On Wednesday (04/04/12), I drove down from Manchester to the Launch Conference: ‘Meet the Games Press’ for the rare opportunity to understand what makes the games press tick as well as meeting other indie developers.
Jo Twist (@doctoe), the charming new CEO of UKIE, started the conference off by introducing Will Freeman (Develop Magazine editor – @spadgy_OTA) with his tongue-in-cheek presentation on ‘Avoiding the Press’. With the increase of developers and journalists as well as communication channels, it is a fantastic time for communication with the press provided you make it as easy as possible for them to cover you. With over 200 press releases received a day, being concise and having your details immediately available means your press release has a higher chance of being noticed.
Embracing your ‘indieness’ was another key theme – being personable, having an opinion and meeting journalists directly resonates more than hiding behind a corporate logo and legalese. They are after stories that include a human angle as they tend to be far more interesting.
Next up was the fast-talking Richard Eddy (@rich_eddy) from Codemasters. Although he is responsible for a large company followed by millions, his presentation on ‘Communication X’ was applicable to studios large or small.
The most important point (for me) was nailing the description of your product in 5 words or less and making sure every colleague knows it. Whether talking to the press or even down in the pub via word of mouth, that description ensures the game is remembered easily and encapsulates the game entirely.
Once your description has been settled upon, only begin announcing your product when you are ready – all the screenshots and videos should be in place as well as marketing plan – and track the interest over time. Richard introduced the concept of ‘Communication Towers’ – the building of baseline interest by staging the release of content over time in preparation for the launch. Akin to the Apple app store, generating a lot of buzz in the beginning is crucial due to the amplification effect:
Courtesy of Richard Eddy
Rounding off the presentations was Natalie Griffith (@natlg1971), Head PR/Marketing Guru at Blitz Games, and ‘Storytelling in digital PR’. Revolving around the loss of her iPhone at the SXSW (heart drops!), she presented anecdotes on engaging and communicating with others via Twitter.
During Natalie’s speech, I realised there is an R in PR for a reason – it is all about building relationships. Far too often people focus on simply communicating with the Press rather than realising it is all about these human connections. Talk with people on Twitter rather than simply re-tweeting – engage in stories, communicate and help others. When the time finally comes for your story, there is already an audience willing to share.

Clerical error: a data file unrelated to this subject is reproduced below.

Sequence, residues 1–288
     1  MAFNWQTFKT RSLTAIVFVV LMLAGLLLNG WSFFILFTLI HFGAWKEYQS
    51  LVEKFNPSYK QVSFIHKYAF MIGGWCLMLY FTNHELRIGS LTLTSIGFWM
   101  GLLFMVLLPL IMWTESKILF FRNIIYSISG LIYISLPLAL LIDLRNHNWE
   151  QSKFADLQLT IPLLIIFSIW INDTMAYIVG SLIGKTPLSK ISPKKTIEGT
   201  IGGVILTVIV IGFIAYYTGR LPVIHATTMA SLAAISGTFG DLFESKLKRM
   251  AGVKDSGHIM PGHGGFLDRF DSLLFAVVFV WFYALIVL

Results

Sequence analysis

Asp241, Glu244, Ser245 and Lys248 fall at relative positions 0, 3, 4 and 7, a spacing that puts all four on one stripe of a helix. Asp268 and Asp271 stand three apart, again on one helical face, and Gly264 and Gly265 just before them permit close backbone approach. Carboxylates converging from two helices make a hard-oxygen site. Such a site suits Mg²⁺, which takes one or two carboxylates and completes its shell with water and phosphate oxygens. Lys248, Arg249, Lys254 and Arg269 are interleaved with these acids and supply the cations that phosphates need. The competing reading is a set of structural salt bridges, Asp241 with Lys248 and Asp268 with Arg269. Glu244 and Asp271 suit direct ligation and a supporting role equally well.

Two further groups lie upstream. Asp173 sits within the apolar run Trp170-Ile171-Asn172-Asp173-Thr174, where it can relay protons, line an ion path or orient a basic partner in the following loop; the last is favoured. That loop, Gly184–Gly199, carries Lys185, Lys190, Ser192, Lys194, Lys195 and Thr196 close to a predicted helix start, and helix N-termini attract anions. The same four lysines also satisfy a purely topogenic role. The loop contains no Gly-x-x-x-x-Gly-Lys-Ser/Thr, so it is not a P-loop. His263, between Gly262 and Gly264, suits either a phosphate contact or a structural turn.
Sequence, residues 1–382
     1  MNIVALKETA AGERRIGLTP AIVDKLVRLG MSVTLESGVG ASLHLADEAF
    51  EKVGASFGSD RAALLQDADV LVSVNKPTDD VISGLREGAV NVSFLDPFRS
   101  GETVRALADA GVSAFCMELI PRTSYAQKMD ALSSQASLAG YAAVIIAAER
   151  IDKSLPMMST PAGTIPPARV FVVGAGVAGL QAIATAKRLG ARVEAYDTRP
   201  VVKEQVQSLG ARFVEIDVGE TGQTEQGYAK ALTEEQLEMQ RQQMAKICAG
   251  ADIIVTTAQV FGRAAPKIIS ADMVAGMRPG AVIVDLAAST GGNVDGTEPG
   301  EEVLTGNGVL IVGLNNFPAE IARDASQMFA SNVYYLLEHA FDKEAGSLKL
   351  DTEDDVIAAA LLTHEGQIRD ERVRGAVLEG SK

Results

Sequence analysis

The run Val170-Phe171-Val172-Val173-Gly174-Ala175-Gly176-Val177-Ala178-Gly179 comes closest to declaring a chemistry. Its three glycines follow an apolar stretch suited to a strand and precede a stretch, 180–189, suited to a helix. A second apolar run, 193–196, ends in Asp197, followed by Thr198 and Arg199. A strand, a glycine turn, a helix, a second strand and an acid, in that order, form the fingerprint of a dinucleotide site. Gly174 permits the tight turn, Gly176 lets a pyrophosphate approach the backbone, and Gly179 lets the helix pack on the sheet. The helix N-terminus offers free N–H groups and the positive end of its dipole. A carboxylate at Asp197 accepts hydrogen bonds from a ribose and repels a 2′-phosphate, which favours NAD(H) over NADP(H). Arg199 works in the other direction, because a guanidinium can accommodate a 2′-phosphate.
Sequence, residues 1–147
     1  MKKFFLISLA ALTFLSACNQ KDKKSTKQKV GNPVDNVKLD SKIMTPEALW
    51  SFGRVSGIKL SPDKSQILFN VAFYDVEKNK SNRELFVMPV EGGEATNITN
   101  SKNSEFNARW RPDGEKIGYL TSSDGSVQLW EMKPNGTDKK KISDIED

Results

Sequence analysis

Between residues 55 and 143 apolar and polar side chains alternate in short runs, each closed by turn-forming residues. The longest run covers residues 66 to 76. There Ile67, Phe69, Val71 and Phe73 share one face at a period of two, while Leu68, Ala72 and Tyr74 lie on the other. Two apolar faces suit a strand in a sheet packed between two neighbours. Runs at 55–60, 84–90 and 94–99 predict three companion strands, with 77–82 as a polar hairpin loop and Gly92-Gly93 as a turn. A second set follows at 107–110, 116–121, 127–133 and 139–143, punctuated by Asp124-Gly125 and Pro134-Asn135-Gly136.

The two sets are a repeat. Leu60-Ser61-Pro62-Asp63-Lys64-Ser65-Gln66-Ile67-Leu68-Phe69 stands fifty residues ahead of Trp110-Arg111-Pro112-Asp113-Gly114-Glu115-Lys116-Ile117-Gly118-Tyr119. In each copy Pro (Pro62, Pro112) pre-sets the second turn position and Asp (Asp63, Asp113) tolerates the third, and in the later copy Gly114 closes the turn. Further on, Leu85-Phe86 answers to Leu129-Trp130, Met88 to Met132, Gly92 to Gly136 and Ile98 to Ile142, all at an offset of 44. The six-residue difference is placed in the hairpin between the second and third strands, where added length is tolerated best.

With the first round of presentations over, Will, Rich and Natalie were brought together for a Q&A session. Again it was underlined the importance of building relationships and not alienating your audiences. This was no more prevalent in the conference break – press members were interacting with game developers and they exhibited a serious interest in the success of small indies. They were willing to go above and beyond for specific teams all based upon previous relationships.
After the break, a panel of journalists/industry experts were brought together to receive questions from the floor:
- Matt Martin (GamesIndustry.biz – @m_spitz)
- Keith Stuart (The Guardian, and my favourite new site Hookshot Inc – @keefstuart)
- Alex Wiltshire (Edge – @rotational)
- Colin McDonald (Commissioning Editor at Channel 4 – @ScottishColin)
- Keith Andrews (Pocket Gamer.biz – a href=”http://twitter.com/tweeting_keith” target=”_blank”>@tweeting_keith)
The infamous yellow bandana
During the panel they touched on derivative games, and if they don’t know you personally (via twitter or face-to-face), it is likely they won’t cover it and instead focus on more unique takes. The ‘build it and they will come’ philosophy is no longer applicable and reiterates the fact it is these relationships that are the make-or-break of a game (obviously a good game is also essential.)
I was lucky enough to have my question answered regarding e-mailing screenshots – only 2-3 and keep it less than 2MB’s. Put non-watermarked assets on to GamesPress or provide a media pack on your website – make it easy for the press to get. The longer they struggle trying to find information, the more likely they won’t bother.
Finally, it was the one-2-one sessions for me with Keith A., Rich and a completely unscheduled meeting with Natalie – just being able to pick the brains of these industry experts was an incredible experience. If you ever have the opportunity to do so, talk to them – they don’t bite (maybe some do) and are always interested in what your up to.